The occurrence of PCR positivity for T. equi in IS racehorses is higher than 30%. Many factors can influence the chance that sport horses encounter vector insects; however, the clinical manifestation of the disease appears to be contained by the good management of racehorses. The performance metrics, haematological parameters and serum biochemistry values were not significantly different between PCR-positive and PCR-negative IS racehorses. Hence, the identification of positive horses requires specific diagnostic tests. A low MMS in PCR-positive horses was detected, but it was not further evaluated by histopathology. The use of muscle biopsies in the diagnosis of positive horses could be suggested for the early identification of autoimmune myositis, even in the absence of other clinical signs.


All procedures were carried out as part of routine clinical evaluations and with the owner’s written informed consent in accordance with the Guiding Principles in the Care and Use of Animals approved by Italian law, and all procedures were approved by the Ethical Animal Care and Use Committee of the University of Napoli Federico II (protocol number 2019/0032059). This manuscript was prepared following the strobe guidelines and checklist [47].

This cross-sectional study was performed over a two-years period on the premises of seven yards in the Campania region (southern Italy), where the animals were regularly housed. The study included horses of both sexes, fully trained and ready to compete. Horses that had been diagnosed with orthopaedic, respiratory, or cardiovascular diseases in the last six months or at the time of the clinical examination were excluded. Horses that experienced a recent, i.e., less than six months, change in trainer/driver or owner were also excluded.

A form was completed for each yard and each horse, noting the signalment, anamnestic and management data of the horse. The body weight in kilograms was assessed using the heart girth and body length measurements in centimetres [48].

The presence/absence of muscle atrophy was scored by assigning a subjective muscle mass score (MMS) from 0 to 3, based on definition and mass of all visible and palpable major muscle groups, i.e., the neck, pectoral, shoulder and anconeal, gluteal, back and thigh muscles. A value of 0 indicated the absence of atrophy, 1 indicated mild atrophy, 2 indicated moderate atrophy and 3 indicated severe atrophy. The evaluation was always subjectively performed by the same operator (M.P.P., former Professor in veterinary surgery, with an experience as an equine practitioner of > 25 years) [44, 46].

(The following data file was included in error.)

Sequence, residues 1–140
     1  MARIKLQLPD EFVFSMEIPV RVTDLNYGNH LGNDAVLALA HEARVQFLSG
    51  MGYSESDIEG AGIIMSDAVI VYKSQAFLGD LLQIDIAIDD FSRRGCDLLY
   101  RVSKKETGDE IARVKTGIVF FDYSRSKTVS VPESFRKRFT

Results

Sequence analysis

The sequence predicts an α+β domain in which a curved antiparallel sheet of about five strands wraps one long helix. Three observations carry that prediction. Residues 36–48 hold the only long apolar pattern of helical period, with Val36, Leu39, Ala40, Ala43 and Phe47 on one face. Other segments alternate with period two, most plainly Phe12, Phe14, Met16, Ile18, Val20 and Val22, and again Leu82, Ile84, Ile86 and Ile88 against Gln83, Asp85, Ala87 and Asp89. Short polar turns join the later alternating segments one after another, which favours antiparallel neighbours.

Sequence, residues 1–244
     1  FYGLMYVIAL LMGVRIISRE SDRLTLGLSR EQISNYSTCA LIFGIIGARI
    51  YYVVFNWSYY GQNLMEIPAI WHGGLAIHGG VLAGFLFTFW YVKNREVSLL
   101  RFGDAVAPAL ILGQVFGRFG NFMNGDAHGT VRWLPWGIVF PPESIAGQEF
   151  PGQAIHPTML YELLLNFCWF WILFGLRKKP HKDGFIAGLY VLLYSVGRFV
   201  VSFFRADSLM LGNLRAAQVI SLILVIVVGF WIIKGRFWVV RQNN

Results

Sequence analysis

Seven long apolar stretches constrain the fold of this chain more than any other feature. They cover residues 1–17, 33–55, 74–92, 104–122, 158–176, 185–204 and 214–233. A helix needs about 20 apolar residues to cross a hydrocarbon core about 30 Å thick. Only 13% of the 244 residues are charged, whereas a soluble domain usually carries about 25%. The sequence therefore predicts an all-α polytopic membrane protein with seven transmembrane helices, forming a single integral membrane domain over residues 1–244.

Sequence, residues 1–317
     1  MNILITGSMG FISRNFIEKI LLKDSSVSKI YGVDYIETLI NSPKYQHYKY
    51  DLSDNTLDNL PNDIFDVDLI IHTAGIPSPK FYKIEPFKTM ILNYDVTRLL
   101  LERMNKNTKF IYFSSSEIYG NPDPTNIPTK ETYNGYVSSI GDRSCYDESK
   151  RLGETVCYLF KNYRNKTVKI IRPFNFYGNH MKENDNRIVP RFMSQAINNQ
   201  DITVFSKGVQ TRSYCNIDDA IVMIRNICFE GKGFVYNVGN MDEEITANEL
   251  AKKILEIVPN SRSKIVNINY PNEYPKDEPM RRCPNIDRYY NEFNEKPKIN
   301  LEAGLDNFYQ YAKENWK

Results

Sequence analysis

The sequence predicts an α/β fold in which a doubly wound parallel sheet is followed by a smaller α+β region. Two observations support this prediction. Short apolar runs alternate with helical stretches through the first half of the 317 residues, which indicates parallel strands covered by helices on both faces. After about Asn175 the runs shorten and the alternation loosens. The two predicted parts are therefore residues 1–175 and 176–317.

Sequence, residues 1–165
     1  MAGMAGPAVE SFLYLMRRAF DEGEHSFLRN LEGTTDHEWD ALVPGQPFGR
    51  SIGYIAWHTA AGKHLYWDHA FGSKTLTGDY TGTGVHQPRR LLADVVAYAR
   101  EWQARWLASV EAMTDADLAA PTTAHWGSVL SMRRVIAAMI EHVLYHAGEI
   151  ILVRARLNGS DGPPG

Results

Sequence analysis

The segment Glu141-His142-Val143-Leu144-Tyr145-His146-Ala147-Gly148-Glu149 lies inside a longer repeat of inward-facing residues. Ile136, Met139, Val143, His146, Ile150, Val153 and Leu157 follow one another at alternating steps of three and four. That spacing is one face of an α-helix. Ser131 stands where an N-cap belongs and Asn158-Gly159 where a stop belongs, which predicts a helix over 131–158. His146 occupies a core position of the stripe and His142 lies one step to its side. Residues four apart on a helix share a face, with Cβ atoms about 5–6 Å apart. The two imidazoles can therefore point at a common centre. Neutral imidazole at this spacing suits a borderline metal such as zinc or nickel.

Blood collection

Jugular blood samples were obtained by qualified veterinarians between 7:00 and 8:00 a.m., before the morning feeding and the daily training after resting the previous day. Blood samples were collected into two vacuum tubes (Vacutainers; Becton Dickinson, Franklin Lakes, NJ) for serum biochemistry and two tubes with EDTA for a CBC and real-time PCR for T. equi and B. caballi. The samples for the CBC and serum biochemistry tests were sent to the laboratory on ice packs within two hours of collection, immediately centrifuged and processed. Cooled samples for real-time PCR were sent to the Istituto Zooprofilattico Sperimentale Lazio e Toscana (IZSLT - Rome, Italy) laboratory within 36 h of collection.

Molecular tests

Real-time PCR was performed following the protocols described by Bartolomè Del Pino and coll. for T. equi and B. caballi [4].

DNA extraction – DNA extraction was performed using the automated robotic workstation QIAcube HT (Qiagen, GmbH, Hilden, Germany) and the QIAamp cador Pathogen Mini kit (Qiagen) according to the manufacturer’s instructions. The DNA was eluted in 60 µl of AVE buffer included in the kit and stored at -80 °C.

Real-time PCR for B. caballi and T. equi – The T. equi rtPCR protocol employed was that reported by Kim and coll. [49], amplifying an 81-bp fragment 108 outside the V4 hypervariable region of the 18 S rRNA gene, while that for B. caballi was performed according to Bhoora and coll. [50], which amplifies a 95-bp fragment within the V4 hypervariable region 110 of the 18 S rRNA gene. The TaqMan ® Universal PCR Master Mix kit (A. Biosystems, Foster City, CA, 111 USA) was used for both real-time PCRs.

Haematology and serum biochemistry

The CBC was performed using a cell counter (HeCo Vet 5; Seac, Firenze, Italy), and a complete biochemical profile (blood urea nitrogen [BUN], creatinine [CREA], total bilirubin [Tbil], BUN-to-creatinine ratio [BUN/CREA], glucose [Glu], ionized calcium [Ca], aspartate aminotransferase [AST], alkaline phosphatase [ALKP], lactate dehydrogenase [LDH], creatine kinase [CK], gamma-glutamyl transferase [GGT], total protein [TP], albumin [Alb], Alb-globulin [Glob] ratio, Glob) was determined using a Catalyst Dx™ Chemistry Analyzer (IDEXX, Westbrook, Maine).

Performance evaluation

The data from the 30 races preceding the blood sampling were obtained from the official racing website Ippica Biz (by IPPICA E STAMPA srl, The number of total and placed races, the number of victories, mean racing speed, the best racing time and total earnings were recorded [34, 36, 51,52,53,54]. The mean racing speed was the average speed maintained by the horse over the last 1000 m of a race (m/s).

Statistical analysis